Recently I wrote about the difficulties I had in the last months to get to the bottom of things. Coincidentally, I've read an article about a small software designed to help getting this done: Pomotroid. The very first use of Pomotroid have been so successful that I happily tweeted about it (see at the very end).
Pomotroid is based on the Pomodoro Method. The name comes from the tomato-shaped timer that Francesco Cirillo used in the 80s to manage his working time; pomodoro being the Italian word for tomato. The method is fairly simple: work for 25 minutes on a task, then have a 5 minutes break. That's one pomodoro. After four pomodori, take a longer break (usually 15 minutes), then repeat.
I've been using the Pomodoro Method in the last ten days and I'm frankly convinced of its benefits! The main reason being that 25 minutes hardly feel like a long duration. If you're reluctant about doing something because you anticipate it to be difficult/long/boring, it's easier to force yourself if the initial deal is "ok, it's only for 25 minutes". Moreover, one says the hardest part is the first 5 minutes, ie the time to get into a task really.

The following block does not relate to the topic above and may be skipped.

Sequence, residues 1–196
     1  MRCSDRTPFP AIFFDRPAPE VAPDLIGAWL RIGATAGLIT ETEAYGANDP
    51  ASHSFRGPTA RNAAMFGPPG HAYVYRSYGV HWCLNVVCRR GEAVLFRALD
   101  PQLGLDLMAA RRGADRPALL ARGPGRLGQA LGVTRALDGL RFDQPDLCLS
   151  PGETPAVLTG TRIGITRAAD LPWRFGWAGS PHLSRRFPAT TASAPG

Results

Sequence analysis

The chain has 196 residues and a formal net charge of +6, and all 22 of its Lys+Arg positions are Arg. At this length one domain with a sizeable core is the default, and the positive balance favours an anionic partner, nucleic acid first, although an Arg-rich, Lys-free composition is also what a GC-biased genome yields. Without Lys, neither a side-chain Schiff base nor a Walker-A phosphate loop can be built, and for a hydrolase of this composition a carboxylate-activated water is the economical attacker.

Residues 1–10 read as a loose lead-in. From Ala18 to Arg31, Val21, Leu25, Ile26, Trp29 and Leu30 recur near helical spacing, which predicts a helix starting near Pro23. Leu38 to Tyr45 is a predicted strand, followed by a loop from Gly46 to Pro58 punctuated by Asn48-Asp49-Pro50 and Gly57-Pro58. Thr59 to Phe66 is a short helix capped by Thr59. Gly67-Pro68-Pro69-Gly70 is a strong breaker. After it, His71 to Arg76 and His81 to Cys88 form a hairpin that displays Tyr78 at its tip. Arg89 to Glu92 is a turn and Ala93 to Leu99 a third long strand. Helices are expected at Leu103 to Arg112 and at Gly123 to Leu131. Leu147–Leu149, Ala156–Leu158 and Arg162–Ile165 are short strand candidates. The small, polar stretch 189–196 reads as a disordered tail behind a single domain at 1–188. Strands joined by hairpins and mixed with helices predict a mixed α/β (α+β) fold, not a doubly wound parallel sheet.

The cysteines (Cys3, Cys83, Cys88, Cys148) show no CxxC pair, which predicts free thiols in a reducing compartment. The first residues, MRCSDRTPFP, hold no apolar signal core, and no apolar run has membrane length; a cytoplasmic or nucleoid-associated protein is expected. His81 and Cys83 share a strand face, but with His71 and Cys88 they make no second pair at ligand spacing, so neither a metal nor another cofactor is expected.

But, yes, I hear you, some tasks require more than 25 minutes. Never mind, take the 5 minutes break and come to the task again after. 5 minutes are not enough to make you loose track of what you were doing. On the opposite, that gives your brain a break, fueling again with oxygen and sugar while your using your muscles to get a coffee downstairs :) When you're back to your task, your mind is refreshed and ready to be productive again!
One warning, though. A task should not need more than three pomodori. Well, that probably is arbitrary, but you can find your own threshold. But whether it be two, three or four, stick to it! If a task needs more than time, you should turn the task in a project and split it in several tasks again.
At the end of the day, achieving tasks becomes very rewarding, and you'll be suprised to say "ok, one more pomodoro !" :D
Oh, one last advice about getting things done: don't forget the rule "if it takes less than two minutes, do it now" ;)